Only one ship received damage by one of the Ju87 Stukas that managed to get through, but with the onset of low cloud and the defences of the Royal Navy and the Spitfires that circled above the 70, ton convoy "Peewit" continued its journey.
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Further down the coast, the convoy ran into better weather, the low cloud had dispersed and the waters of the Channel were bathed in brilliant sunshine. The order went out to attack, and the Ju87's caused severe damage to the large convoy. By the time that the RAF fighters arrived, the Stukas were low on fuel and ammunition and had to return to their bases, but in the ensuing dogfight that followed between the Bf's and the Spitfires and Hurricanes of the RAF was intense. We climbed to 16, feet, and looking down, saw a large formation of Ju 87s approaching from the South with Me S stepped up behind to 20, feet.
We approached unobserved out of the sun and went in to attack the rear Ju 87s before the enemy fighters could interfere. I gave a five-second burst to one bomber and broke off to engage two Me s. There was a dog-fight. The enemy fighters, which were painted silver, were half rolling, diving and zooming in climbing turns. I fired two five-second bursts at one and saw it dive into the sea. Then I followed another up in a zoom and got him as he stalled. Many of the pilots that took to the skies that day could only be classed as 'green', once upon a time it took at least six months to train a fighter pilot, in these hard fought days when Dowding needed every pilot and aircraft that he could lay his hands on, a pilot training period was just four weeks.
Many missed out on essential training in navigation, hence after many a dogfight they became so disorientated that they didn't know which way was the way home. Others had no proper training as to take off's and landings and were ridiculed by the more experienced pilots.
This was typical of Squadron based at Middle Wallop who were scrambled to intercept the "Peewit" mission, the Squadron was formed so quickly and with much haste that the pilots had never even flown a training flight together and this was to be their inauguration into fighter combat, that's being thrown in at the deep end for sure.
What happened was that as soon as the German formation was spotted over the Channel, they immediately opened fire and dashed in guns blazing, yet the enemy was still three quarters of a mile away. The waters of the Channel were fast coming towards me, I knew that the situation was hopeless. I managed to throw back the cockpit hood and took all the necessary precautions for a crash landing in the water. It was my good fortune that I was approaching the water at an angle so as to make a belly landing, had I been diving straight down, it would have not been possible to survive.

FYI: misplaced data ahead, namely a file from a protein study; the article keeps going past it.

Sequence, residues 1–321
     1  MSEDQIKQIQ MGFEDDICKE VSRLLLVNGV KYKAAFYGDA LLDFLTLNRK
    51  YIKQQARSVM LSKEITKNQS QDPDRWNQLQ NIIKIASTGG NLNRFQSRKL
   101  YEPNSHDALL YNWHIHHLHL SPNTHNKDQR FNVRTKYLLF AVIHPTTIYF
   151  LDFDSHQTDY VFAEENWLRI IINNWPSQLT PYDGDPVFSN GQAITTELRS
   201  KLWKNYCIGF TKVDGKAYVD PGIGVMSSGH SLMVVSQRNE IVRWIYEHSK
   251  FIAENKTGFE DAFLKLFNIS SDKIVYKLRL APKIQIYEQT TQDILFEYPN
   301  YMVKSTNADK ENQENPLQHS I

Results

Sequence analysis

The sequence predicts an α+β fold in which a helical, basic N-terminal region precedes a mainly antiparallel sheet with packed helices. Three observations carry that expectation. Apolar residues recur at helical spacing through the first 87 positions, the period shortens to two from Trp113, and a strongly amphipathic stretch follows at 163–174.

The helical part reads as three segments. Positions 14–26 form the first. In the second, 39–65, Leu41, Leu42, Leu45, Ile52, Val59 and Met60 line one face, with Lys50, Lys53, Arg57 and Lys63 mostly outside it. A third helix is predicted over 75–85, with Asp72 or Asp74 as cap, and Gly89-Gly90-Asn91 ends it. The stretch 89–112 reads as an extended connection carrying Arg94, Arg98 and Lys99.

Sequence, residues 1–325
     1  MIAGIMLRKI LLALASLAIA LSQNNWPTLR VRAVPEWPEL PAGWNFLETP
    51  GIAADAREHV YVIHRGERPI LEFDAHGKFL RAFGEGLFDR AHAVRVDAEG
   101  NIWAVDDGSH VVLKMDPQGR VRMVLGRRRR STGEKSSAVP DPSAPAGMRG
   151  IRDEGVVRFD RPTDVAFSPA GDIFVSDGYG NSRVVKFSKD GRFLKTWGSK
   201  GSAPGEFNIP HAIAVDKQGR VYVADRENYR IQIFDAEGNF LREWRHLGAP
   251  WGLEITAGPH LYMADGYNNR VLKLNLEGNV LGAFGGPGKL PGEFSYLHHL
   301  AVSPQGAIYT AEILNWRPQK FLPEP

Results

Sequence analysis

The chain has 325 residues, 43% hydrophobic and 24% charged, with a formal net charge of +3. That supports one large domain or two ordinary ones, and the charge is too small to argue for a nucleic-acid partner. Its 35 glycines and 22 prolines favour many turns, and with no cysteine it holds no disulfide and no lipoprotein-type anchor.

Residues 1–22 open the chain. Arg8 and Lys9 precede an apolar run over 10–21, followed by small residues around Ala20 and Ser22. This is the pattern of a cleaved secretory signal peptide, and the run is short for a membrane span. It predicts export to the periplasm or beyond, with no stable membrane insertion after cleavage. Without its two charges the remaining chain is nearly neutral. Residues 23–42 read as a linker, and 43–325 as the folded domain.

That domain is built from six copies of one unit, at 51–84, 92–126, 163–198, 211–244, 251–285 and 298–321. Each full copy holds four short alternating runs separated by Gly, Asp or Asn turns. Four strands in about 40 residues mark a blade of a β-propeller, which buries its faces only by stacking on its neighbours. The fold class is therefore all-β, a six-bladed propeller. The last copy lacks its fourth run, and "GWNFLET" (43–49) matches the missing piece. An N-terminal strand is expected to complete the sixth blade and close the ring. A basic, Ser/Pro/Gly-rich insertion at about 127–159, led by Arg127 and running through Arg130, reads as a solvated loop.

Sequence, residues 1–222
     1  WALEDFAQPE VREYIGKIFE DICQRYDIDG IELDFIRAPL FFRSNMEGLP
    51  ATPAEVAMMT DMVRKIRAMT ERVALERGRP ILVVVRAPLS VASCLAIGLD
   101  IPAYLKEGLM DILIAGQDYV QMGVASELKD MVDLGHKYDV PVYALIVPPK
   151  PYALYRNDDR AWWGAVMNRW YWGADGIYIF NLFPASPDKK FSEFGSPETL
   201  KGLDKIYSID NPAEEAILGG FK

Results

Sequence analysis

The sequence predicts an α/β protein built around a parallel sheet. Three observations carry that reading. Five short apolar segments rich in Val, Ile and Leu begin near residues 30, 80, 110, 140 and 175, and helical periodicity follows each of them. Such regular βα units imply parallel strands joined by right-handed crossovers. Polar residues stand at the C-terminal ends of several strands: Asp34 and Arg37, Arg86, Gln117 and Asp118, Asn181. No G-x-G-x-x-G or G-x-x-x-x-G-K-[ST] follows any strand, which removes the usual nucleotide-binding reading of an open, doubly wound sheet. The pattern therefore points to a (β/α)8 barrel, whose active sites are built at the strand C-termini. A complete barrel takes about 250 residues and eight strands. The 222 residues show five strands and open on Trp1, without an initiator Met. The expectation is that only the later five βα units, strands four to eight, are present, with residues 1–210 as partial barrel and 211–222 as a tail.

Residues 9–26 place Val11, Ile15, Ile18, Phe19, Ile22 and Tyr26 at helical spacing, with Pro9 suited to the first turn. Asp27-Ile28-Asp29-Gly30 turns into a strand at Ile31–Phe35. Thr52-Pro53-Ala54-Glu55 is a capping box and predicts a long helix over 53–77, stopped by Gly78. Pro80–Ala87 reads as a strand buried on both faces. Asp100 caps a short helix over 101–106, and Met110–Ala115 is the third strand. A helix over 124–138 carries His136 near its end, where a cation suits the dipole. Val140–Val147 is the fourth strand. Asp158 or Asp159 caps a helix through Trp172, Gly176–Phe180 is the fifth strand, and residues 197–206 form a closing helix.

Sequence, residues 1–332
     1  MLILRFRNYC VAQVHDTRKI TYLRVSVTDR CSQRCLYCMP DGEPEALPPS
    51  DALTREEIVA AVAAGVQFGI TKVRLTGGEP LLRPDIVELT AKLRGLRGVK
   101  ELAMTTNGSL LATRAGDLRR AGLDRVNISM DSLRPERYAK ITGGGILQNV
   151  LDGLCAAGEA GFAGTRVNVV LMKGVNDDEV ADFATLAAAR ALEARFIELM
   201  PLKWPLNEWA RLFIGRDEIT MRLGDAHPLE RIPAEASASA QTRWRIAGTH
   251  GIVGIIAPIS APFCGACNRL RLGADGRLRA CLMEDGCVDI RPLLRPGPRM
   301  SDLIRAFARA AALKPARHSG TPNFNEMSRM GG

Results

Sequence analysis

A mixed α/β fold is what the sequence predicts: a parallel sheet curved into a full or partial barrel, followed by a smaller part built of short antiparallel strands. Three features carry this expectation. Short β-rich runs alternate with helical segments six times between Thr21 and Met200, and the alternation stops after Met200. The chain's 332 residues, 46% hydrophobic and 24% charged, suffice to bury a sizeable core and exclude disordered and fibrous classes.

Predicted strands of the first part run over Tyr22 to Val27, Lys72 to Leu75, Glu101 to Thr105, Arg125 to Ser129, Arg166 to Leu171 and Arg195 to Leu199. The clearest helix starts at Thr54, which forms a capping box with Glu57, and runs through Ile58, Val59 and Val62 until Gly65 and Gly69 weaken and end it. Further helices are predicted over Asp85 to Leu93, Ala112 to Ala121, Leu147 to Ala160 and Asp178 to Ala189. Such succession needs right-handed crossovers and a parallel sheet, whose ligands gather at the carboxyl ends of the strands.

I prepared myself for the impact, then suddenly I was pushed forwards and my arms cushioned the impact as a wall of white water engulfed my and the icy waters seemed to cut me in half. I jumped from the aircraft almost before it had come to a standstill, and within one minute the tail of the aircraft rose dramatically and the Bf slid head first to the bottom.
By the time I was hit, I estimated my position at about thirty miles to the north west of Cherbourg, so I fumbled for the fluorescine marker dye that would disperse a yellow green dye around me making it easy to see for our rescue craft. Hauptmann Werner Andres No. But by this time at about hrs , more than 89 Ju87 Stukas had arrived on the scene that were escorted by 70 Bf's and Me's to destroy "Peewit".
Goering was now true to his word, he would be sending aircraft in vast numbers to attack, and to draw out the RAF. With some aircraft of Squadron returning to base to refuel and rearm, they were again scrambled along with 43 squadron Tangmere Hurricanes and headed to the south of the Isle of Wight to engage the reassembled Stukas and fighters.
Although the RAF had sent out more aircraft than usual, they had not put into the air the amount of aircraft that Goering had expected, in fact for every two German planes, there was only one RAF fighter. For the Merchant Navy, it was a disastrous result, as the Spitfires and Hurricanes were forced to dogfight with the Bf's, only the occasional one managing to make an attack on a Stuka. Therefore, the Ju87's constantly bombarded the convoy almost at will.
Debris from the convoy scattered the Channel for miles, burnt out hulks of the merchantmen bellowing palls of thick black smoke that could be seen for miles. Further explosions came from the ships as they were left to die where they were, life jackets bobbed up and down in the chilly waters and many men, clinging to pieces of debris, life jackets and life rafts tried desperately to avoid the many slicks of burning oil that lay on the surface.